I’m looking forward to seeing how the children work in this space, whether they fit comfortably, or whether we need to make changes.

What does your learning space look like?  How do you organise it to work with your students?

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12 thoughts on “Learning Spaces

  1. Just love the name of your Blog Sarah ! What a great description for a learners “thinking face”. Your new space looks wonderful and reminds me of how much I will actually miss having my own space this year. I really like your reading corner.High school classrooms are interesting because you have to think of ways to make the space inviting to a range of classes ! In my room we didn’t have as much space and we just moved the tables and sat on the floor when we wanted to read. I had lots of moveable storage, a whiteboard, IWB, fixed to the wall, with little choice to configure. Desks were in groups but students would move to anywhere that suited their purpose e.g IWB, corner, floor,power supply, outside. We had designated wall space for each class and displayed work, art, scaffolds, metalanguage/ Key vocab or the class individual goal board for the term- usually student organised. I love colour. Each year I liked to save a favourite representation from English and hang it on the wall, these had been getting higher and higher 🙂 up the walls but usually sparked curiosity. Photocopy paper boxes were my best friend :), labelled for different class topic resources or student gear. One feature I loved were the bi-fold doors that separated the classroom next door because you could open it up for different learning experiences if needed. I team taught lots with a colleague and it was not unusual for students to move between rooms across the corridor during lessons. Have fun in your new space , it sure looks like you will !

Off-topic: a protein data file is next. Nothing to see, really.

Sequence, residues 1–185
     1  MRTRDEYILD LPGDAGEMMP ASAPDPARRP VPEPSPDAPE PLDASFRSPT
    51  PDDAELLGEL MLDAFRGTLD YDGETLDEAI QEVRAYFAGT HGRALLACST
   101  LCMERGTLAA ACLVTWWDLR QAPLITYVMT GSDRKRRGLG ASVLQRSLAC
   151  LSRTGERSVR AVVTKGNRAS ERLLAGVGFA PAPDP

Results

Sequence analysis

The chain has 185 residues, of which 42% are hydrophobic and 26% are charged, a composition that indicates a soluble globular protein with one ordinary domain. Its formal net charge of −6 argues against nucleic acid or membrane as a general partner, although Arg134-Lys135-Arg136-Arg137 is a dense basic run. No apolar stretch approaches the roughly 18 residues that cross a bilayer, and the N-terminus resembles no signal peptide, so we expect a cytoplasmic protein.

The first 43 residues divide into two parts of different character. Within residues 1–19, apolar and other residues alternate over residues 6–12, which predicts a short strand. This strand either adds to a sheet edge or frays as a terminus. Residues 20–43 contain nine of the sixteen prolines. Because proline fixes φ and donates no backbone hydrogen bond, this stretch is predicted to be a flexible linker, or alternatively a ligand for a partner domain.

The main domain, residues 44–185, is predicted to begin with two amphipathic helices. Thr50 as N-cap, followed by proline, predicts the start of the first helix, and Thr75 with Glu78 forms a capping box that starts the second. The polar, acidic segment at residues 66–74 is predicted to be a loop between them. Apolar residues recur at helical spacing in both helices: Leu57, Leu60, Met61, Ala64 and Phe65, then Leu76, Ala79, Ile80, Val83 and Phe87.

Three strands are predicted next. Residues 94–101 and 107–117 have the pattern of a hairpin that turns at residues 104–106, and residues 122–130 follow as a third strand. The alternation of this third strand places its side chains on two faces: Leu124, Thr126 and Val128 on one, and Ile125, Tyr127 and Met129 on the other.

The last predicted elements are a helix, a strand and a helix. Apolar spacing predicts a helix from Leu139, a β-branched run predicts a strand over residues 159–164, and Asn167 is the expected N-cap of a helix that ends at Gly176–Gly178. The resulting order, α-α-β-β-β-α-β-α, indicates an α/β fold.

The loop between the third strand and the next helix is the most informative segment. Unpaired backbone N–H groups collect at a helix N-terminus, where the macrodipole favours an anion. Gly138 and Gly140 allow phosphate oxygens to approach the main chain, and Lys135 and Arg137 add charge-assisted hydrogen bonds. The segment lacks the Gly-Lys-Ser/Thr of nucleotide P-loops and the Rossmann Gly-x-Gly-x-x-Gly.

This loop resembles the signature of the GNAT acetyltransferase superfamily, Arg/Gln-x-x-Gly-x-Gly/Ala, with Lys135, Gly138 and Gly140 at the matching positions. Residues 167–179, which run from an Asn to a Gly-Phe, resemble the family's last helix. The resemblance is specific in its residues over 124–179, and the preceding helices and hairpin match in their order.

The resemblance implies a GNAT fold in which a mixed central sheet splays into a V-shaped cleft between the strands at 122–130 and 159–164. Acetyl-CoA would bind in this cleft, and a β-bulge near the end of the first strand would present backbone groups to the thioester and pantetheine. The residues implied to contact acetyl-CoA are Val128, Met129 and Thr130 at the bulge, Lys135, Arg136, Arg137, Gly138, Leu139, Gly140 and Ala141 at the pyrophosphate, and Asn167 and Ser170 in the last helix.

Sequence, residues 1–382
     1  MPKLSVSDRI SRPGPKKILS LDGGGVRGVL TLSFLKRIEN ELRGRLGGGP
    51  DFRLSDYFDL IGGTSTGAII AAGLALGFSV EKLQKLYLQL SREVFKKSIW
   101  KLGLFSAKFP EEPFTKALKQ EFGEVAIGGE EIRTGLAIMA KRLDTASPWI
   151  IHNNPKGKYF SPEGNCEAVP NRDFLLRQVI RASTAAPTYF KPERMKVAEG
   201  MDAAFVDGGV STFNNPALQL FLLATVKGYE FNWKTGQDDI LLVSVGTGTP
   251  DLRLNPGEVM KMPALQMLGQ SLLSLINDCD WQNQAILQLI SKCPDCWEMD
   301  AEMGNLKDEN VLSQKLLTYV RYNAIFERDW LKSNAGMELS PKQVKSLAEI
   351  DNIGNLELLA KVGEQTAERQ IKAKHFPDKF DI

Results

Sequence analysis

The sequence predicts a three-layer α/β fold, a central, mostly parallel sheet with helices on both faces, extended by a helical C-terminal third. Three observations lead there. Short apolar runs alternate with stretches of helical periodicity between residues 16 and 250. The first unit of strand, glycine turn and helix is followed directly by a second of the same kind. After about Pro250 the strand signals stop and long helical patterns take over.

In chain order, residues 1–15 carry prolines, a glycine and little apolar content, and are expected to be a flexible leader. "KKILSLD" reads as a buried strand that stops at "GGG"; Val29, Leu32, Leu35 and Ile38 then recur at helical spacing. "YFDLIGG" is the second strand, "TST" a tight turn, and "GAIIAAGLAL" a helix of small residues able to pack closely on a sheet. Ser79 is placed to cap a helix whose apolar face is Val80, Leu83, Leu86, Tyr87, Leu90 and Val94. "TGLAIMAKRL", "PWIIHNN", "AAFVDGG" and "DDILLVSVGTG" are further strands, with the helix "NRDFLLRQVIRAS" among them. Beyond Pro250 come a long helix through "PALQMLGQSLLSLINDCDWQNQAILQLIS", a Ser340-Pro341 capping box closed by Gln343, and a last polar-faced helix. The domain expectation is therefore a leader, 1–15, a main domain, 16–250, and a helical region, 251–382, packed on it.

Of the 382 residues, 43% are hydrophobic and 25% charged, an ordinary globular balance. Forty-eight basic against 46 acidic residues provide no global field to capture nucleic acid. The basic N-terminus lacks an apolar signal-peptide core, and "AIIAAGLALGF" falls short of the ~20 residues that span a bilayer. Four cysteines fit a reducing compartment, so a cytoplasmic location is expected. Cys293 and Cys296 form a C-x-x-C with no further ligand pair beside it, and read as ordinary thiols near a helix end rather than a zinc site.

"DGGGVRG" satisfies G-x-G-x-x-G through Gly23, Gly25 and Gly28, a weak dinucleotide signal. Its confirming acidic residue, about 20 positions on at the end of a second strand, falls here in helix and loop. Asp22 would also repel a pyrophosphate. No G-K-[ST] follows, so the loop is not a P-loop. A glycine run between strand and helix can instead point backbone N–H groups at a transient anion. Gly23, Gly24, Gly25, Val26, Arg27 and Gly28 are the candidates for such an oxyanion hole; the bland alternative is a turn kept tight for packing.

• Thanks Carla! I always forget how challenging a secondary learning space must be. I have the same kids in the room all day everyday which makes it easy to set routines and systems etc. I admire the way you create a space that belongs to each group who use the room… ownership of the space is so important!!

  2. Great start and lucky students!!

    I just love the cushion corner and idea for nooks in the classroom.

    I have been on a similar journey in regards to classrom design and innovation based on current educational trends and learning theories.

    For me this year, I’m wanting to be bold, out of the box and trial ideas my colleagues are talking about-

    I’m taking out all tables, well perhaps leaving a couple small floor round ones. Instead I’m having collaboration corners, iPads, cushions, notebooks, art spaces, yoga mats, and neutral colours to avoid over stimulation- perhaps colours from the Steiner palate.

    Anyway they are a couple of my ideas tinkering around my head at the moment. I am influenced by the Reggio Emilio philosophy – http://progressiveearlychildhoodeducation.blogspot.com/2010/05/beautiful-learning-spaces-in-reggio.html